Saturday, September 22, 2012



I meant to pick up cigarettes at the grocery yesterday, but I forgot and by the time I got home, it was too late to go back out. The neighborhood's gone downhill, if you know what I mean. I held off until five this morning and couldn't stand the nicotine fit another minute. Pulled on some sweat pants and drove over to the One-Stop. Around here, it's called Da Sto'.

I should've known better than to get out when I noticed the man swigging out of a half-pint whiskey bottle. A sign on the storefront read "It is a crime (misdemeanor) to consume alcoholic beverages on these premises." But I needed cigarettes and figured I could buy them and scurry back to my car in less than a minute. Nothing else was open yet.

Four men stood in a clump inside the store, not really in line but not shopping either. I hurried to the counter and waited to be acknowledged. The clerk warily watched the group of men. They were shifting now, splitting like a cell about to divide.

"I need a pack of Basic menthol light 100s, please. The light green, long ones."

The clerk ignored me. I glanced over my shoulder. The clump had mitosed and become two pairs of men. One pair moved toward the liquor section. 

"I'd like one pack of Basic menthol light 100s and I'm in kind of a hurry." I held up a five-dollar bill so the clerk could see I was ready to pay him. I noticed a sign over his shoulder. "You must be at least 21 years of age to purchase beer or wine." 

The clerk bent over and reached under the counter, keeping his head in sight.

The two men near the counter split – one dashed up and shoved me out of the way.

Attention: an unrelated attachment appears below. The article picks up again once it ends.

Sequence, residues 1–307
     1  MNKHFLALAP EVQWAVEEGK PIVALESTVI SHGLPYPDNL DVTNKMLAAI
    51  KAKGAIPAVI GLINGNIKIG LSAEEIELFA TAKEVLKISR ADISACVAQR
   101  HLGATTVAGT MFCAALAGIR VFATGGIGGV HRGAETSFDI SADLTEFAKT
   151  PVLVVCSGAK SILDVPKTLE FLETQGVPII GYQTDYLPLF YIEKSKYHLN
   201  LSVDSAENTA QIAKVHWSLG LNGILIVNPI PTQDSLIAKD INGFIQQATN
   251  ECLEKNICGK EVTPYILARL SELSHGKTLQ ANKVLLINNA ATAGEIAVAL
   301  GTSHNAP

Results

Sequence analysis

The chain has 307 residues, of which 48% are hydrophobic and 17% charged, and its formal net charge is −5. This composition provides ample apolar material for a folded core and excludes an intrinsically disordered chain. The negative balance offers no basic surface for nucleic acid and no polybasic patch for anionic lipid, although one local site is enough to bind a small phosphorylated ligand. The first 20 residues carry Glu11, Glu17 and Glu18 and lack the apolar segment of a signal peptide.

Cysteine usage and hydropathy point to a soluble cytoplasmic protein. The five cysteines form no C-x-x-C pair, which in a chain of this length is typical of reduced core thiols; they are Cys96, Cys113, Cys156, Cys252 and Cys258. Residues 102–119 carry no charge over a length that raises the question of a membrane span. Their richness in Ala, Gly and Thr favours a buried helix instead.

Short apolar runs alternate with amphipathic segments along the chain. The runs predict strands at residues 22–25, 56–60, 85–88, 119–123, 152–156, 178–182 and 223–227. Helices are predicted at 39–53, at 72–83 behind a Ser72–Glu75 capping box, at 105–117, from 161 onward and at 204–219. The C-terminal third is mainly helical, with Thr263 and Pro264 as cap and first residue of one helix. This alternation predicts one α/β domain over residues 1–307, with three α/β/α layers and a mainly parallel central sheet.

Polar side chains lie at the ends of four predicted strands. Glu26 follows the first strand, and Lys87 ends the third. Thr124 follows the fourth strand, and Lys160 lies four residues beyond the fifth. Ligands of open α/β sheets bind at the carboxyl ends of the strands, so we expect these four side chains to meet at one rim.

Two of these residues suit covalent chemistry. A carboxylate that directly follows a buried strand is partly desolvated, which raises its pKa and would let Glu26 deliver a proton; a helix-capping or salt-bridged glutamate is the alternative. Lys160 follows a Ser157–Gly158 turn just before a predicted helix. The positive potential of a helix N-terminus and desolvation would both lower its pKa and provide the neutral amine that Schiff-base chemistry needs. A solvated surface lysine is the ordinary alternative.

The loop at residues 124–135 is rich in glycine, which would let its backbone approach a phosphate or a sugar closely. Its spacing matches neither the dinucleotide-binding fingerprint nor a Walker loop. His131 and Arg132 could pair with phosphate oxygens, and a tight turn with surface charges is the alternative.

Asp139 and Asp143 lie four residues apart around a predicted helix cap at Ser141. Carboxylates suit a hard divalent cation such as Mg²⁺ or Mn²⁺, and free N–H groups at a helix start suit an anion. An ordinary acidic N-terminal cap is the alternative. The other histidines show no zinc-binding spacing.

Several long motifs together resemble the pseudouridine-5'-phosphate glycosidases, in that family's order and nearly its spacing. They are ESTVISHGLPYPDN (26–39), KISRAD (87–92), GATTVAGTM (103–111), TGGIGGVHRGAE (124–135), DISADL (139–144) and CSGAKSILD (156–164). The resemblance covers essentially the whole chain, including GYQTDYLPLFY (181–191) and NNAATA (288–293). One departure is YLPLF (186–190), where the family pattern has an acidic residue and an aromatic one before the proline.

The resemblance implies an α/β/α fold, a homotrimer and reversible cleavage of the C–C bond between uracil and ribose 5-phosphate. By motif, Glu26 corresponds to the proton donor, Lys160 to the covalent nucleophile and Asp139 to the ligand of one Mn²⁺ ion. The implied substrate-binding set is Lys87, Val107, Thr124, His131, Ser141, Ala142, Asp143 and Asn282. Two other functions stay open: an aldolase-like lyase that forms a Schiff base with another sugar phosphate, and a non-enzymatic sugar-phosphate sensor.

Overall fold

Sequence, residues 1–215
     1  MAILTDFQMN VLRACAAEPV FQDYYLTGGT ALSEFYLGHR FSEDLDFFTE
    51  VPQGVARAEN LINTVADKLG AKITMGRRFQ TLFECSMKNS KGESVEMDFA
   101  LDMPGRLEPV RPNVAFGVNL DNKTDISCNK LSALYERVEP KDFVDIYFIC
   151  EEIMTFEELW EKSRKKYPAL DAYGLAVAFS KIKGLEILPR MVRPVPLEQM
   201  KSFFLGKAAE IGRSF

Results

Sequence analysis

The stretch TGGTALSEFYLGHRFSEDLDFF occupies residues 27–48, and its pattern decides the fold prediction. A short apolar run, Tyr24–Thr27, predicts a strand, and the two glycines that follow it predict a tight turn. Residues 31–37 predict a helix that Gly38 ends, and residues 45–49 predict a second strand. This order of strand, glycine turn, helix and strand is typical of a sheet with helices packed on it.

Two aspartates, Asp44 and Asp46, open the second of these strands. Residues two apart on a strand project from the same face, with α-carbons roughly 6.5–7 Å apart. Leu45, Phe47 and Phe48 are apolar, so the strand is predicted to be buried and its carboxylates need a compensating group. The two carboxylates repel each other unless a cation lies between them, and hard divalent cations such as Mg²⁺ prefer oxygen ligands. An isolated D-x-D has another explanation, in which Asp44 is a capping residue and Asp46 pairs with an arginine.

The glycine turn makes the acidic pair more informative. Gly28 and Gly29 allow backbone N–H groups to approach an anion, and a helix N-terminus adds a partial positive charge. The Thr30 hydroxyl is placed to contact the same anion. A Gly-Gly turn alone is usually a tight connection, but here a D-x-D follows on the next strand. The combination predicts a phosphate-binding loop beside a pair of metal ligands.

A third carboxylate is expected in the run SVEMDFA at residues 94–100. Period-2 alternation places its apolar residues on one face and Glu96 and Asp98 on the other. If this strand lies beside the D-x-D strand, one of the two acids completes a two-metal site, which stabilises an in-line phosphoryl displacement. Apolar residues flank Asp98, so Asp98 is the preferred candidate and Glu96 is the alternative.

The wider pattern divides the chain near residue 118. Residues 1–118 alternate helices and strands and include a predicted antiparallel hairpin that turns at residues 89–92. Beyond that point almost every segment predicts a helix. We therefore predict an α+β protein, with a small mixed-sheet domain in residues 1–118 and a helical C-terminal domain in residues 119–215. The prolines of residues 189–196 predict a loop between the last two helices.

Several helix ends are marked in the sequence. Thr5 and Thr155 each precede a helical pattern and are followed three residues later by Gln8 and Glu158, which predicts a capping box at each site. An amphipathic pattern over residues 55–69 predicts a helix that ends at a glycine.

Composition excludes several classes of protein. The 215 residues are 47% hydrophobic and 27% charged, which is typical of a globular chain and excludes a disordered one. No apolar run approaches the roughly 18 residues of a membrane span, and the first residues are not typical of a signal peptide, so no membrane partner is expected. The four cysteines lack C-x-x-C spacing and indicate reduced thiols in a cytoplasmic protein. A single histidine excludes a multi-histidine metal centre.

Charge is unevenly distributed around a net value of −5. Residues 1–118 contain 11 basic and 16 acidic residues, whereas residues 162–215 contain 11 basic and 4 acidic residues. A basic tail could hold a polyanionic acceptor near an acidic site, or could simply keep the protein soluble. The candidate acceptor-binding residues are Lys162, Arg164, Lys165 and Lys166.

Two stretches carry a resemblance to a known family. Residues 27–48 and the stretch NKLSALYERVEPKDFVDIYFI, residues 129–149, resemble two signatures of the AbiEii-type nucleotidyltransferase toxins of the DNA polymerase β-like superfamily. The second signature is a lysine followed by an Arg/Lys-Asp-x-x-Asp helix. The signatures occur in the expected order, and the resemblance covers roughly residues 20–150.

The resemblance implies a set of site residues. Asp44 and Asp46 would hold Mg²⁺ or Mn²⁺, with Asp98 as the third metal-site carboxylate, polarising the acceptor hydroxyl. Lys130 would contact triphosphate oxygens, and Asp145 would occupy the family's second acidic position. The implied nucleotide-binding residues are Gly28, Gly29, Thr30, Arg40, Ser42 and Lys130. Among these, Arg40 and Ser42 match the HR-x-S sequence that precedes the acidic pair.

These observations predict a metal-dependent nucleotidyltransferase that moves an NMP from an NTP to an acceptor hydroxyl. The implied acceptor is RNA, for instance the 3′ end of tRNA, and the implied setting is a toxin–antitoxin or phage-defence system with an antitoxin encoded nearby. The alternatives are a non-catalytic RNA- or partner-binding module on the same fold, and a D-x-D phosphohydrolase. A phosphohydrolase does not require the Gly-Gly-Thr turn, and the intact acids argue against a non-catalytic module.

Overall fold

I slammed into a snack chip display before I hit the floor. Frito-Lay products rained down on me. I wondered if my hip was broken. I heard a voice. "Give me your fucking drop cash. All of it. Don't hit no fuckin' alarm either, motherfucker." 

The two men near the back had disappeared. I covered my head with my arms.

"No problem, man. Be cool, it's all good. I can't open the drop cash box. Take the register money, okay?" The clerk's voice was high and wavery. I thought he might cry.

"Shut the fuck up! Put it in the bag, motherfucker. Put those cigarettes in there too." The cash drawer rang open. Coins pinged on the floor. I heard items being stuffed into recyclable plastic bags. "Don't look at me, fucker. Look away if you know what's good for you." 

Damn, I need a cigarette.

I heard crashing, glass broke. Fluids gurgled out. The door banged open and running footsteps faded away. Cautiously, I peeked between my forearms. 
"Are they gone?" 

The clerk finally answered me. "Yeah. I'm calling the law."

As I crawled to my feet, I repeated, "Can I have a pack of…"

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